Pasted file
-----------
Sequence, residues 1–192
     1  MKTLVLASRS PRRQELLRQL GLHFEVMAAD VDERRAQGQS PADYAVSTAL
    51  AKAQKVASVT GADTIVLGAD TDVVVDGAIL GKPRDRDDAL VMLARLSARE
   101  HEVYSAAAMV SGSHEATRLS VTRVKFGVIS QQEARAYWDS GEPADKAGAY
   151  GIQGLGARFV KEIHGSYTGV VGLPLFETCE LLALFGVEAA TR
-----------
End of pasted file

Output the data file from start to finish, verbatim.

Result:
Sequence, residues 1–192
     1  MKTLVLASRS PRRQELLRQL GLHFEVMAAD VDERRAQGQS PADYAVSTAL
    51  AKAQKVASVT GADTIVLGAD TDVVVDGAIL GKPRDRDDAL VMLARLSARE
   101  HEVYSAAAMV SGSHEATRLS VTRVKFGVIS QQEARAYWDS GEPADKAGAY
   151  GIQGLGARFV KEIHGSYTGV VGLPLFETCE LLALFGVEAA TR